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17 April 2014 12:48 pm ,
Vol. 344 ,
Using the two high-quality genomes that exist for Neandertals and Denisovans, researchers find clues to gene activity...
A new report from the Intergovernmental Panel on Climate Change (IPCC) concludes that humanity has done little to slow...
Astronomers have discovered an Earth-sized planet in the habitable zone of a red dwarf—a star cooler than the sun—500...
Three years ago, Jennifer Francis of Rutgers University proposed that a warming Arctic was altering the behavior of the...
Officials last week revealed that the U.S. contribution to ITER could cost $3.9 billion by 2034—roughly four times the...
An experimental hepatitis B drug that looked safe in animal trials tragically killed five of 15 patients in 1993. Now,...
- 17 April 2014 12:48 pm , Vol. 344 , #6181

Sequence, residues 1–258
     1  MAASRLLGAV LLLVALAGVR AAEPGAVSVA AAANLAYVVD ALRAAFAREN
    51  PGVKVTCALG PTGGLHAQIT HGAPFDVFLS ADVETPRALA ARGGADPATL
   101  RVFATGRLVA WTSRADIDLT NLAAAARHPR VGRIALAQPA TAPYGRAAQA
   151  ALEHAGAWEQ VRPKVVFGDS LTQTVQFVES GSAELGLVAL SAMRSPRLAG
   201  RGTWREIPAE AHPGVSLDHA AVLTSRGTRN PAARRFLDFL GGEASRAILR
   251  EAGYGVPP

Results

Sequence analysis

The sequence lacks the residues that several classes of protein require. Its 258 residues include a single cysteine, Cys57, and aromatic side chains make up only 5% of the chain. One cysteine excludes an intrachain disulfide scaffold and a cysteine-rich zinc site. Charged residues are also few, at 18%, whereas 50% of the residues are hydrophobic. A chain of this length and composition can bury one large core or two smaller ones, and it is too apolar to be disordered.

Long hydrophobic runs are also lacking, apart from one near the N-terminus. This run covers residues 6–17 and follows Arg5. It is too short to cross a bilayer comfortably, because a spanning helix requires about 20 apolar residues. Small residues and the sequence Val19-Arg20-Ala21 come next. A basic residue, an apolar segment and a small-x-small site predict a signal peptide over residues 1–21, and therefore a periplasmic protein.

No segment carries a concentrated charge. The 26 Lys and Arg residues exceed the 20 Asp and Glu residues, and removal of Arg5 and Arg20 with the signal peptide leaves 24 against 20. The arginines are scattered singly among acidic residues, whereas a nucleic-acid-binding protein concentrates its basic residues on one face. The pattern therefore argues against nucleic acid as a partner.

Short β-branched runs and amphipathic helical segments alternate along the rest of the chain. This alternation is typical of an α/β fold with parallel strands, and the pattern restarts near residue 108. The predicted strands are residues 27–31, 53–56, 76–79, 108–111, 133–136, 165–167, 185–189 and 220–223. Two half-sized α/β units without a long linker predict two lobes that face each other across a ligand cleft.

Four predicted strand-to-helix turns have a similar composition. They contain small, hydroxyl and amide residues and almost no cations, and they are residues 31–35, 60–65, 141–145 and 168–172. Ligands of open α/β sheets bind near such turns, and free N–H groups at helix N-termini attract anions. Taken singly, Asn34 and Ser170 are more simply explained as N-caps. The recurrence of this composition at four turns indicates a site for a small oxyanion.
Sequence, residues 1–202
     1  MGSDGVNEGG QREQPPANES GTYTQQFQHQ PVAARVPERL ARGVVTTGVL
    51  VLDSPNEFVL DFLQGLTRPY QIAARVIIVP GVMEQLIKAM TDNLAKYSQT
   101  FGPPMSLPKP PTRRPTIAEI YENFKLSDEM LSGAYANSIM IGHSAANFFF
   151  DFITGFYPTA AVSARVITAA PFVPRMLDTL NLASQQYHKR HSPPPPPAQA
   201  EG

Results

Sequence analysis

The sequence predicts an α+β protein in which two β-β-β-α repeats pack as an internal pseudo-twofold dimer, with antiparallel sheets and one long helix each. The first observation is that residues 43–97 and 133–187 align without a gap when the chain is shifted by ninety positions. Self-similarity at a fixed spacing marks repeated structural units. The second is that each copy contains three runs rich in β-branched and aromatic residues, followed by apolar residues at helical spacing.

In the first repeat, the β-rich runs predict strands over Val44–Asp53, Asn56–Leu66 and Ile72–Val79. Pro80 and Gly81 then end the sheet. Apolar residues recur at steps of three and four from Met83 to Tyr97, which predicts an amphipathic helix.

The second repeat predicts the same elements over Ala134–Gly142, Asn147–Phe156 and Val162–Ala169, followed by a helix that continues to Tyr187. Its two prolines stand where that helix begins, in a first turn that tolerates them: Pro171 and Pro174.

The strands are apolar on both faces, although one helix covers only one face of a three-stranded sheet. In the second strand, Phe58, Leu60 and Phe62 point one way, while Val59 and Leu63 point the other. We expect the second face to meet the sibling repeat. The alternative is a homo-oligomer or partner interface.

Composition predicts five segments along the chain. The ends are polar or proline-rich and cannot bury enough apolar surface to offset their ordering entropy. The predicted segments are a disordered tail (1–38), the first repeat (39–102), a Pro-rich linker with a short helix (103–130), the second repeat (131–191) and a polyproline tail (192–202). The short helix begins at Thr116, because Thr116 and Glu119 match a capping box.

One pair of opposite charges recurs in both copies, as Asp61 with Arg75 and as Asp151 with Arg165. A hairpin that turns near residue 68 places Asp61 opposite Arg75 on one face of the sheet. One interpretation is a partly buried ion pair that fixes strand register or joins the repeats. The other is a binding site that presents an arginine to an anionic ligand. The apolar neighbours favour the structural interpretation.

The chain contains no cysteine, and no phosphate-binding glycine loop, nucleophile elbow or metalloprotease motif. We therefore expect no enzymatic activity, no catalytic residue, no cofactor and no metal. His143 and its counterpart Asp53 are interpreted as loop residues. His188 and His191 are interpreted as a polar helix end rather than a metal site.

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ScienceShot: Why Some Penguins Wear a Blue Tuxedo
8 February 2011 7:01 pm
Feeling small and blue today? Eudyptula minor goes through its whole life that way. This Australian bird—the smallest of all penguins at around 30 cm high—sports a notable blue tint in its feathers, hence its common name, the Little Blue Penguin. Using high-powered microscopes, researchers have now discovered that nanometer-sized fibers in the bird's wing feathers provide the unusual blue hue. Made from keratin, the same material as human hair, these nanofibers are packed together like bundles of uncooked spaghetti, the team reports online today in Biology Letters. The penguin's color is due to blue light that is scattered when it hits the fibers, while all other wavelengths of light just pass through the feathers. This is a new mechanism for giving feathers a blue color, the authors say; similar nanofibers are found in the blue skin of other birds, such as Emus, but those fibers are made of collagen. What advantage the colorful feathers provide for Little Blue remains unknown, but they certainly aren't being caught dead in the same black and white tuxedo as most of their relatives.
See more ScienceShots.